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Hot under the collar: Audi RS6 case study

By autotech-nath on September 14, 2020

Autotechnician contributor Gareth Davies, who runs a German car specialist in South Wales, is reminded of the importance of validation in the diagnostic process.

As vehicle technicians/business owners, I am sure we have all at some point in our careers been subjected to the curse of “Ever since you did/changed…”. It’s never a pleasant feeling, and even the coolest of operators can struggle to make peace with the explanation to the customer of why/how it’s unfortunate but unconnected. A few summers back, I found myself potentially facing the same scenario but stopped as soon as the warning shot was heard. My case study touches on the humanistic element of this particular job, and also the technicality.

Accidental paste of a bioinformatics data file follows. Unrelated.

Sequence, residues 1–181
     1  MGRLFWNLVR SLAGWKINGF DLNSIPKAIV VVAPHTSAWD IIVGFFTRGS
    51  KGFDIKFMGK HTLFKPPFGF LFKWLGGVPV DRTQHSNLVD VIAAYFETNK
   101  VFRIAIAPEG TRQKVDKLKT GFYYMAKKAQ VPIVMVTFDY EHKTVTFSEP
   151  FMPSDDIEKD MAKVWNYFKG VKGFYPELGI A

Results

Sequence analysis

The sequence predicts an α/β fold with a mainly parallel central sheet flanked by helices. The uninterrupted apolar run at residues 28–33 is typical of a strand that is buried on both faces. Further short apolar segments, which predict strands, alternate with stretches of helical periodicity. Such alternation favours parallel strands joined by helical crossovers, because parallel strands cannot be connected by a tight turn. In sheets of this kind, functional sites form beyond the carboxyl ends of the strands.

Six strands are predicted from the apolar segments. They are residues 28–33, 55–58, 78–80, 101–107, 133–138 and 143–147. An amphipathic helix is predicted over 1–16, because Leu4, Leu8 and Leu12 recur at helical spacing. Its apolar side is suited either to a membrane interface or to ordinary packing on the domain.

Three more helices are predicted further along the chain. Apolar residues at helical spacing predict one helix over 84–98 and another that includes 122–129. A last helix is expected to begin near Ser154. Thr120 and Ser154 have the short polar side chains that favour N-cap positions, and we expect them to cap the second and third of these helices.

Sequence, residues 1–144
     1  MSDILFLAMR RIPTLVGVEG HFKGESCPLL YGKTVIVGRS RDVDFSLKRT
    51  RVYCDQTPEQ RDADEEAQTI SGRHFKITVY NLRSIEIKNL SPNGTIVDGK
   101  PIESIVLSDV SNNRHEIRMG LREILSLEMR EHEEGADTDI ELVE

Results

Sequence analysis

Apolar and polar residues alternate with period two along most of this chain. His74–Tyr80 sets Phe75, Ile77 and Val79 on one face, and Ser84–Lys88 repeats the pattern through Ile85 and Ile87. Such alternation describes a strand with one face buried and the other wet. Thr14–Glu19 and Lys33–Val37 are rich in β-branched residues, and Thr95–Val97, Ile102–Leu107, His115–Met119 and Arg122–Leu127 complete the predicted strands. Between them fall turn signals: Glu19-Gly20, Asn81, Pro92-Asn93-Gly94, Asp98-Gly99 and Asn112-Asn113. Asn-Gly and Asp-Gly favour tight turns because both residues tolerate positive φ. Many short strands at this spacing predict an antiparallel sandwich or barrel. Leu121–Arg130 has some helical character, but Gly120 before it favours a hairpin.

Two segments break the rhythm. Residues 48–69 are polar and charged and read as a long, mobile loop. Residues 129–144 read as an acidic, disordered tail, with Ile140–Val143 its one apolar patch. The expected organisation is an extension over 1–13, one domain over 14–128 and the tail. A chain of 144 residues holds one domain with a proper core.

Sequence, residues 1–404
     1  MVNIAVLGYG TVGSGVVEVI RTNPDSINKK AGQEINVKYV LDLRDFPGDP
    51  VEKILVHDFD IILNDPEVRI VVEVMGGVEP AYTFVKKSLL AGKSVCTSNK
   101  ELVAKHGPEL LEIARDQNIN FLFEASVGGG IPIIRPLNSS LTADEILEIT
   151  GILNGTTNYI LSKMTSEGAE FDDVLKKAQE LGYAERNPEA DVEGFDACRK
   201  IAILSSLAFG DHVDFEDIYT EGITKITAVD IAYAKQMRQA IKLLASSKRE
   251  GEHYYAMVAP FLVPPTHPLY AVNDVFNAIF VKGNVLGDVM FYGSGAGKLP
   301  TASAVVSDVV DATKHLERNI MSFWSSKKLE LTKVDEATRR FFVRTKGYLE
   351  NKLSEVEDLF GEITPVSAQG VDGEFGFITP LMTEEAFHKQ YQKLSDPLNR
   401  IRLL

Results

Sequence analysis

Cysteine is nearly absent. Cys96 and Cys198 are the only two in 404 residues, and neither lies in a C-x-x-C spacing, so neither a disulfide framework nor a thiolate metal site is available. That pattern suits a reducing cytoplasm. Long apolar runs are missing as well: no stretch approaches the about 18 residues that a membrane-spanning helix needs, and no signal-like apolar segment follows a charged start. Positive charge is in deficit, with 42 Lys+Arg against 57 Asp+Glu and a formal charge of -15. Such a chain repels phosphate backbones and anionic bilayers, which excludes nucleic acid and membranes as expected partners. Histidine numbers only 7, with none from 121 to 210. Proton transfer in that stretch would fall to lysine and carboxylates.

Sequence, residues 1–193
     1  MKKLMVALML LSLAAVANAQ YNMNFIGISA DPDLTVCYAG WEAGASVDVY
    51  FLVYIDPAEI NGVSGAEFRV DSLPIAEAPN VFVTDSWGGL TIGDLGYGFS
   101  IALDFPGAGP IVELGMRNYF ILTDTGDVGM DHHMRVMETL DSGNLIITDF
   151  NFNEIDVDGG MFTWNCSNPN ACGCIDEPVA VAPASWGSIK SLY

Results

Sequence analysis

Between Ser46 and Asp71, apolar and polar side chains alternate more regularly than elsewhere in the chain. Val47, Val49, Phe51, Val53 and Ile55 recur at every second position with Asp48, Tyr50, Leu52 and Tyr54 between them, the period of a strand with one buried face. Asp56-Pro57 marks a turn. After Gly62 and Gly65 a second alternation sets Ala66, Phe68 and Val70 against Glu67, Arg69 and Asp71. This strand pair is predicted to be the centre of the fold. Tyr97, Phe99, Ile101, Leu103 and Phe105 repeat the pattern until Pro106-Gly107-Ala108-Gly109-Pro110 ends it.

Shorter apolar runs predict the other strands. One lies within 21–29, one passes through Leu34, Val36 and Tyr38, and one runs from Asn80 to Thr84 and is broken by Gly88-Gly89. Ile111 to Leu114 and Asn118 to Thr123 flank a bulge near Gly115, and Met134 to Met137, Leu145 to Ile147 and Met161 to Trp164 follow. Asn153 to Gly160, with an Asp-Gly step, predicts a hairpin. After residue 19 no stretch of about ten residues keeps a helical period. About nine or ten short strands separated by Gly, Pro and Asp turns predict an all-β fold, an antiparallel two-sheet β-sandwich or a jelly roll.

The job in question was an Audi RS6 ‘plus’ 2009 5.0 v10 TFSI. I checked the job sheet and saw that the customer requests were: Investigate rumble/vibration under load, AC not cold, and rear-view external mirrors not demisting. The customer was also a new, first timer. I walked out to the car park to get the vehicle prepared for a road test to check the rumble/vibration before going into the workshop for more tests. Unfortunately, that’s when the warning shot went off. I attempted to start the car and it simply cranked with no engine start. Trying again, I got the same result, non-start. Now at this point, a conscious decision was made before any investigation to advise the customer of the fault and ask if they’d like us to look into it. They were surprised but agreed. I was also surprised as it was driven to us earlier that morning under its own steam.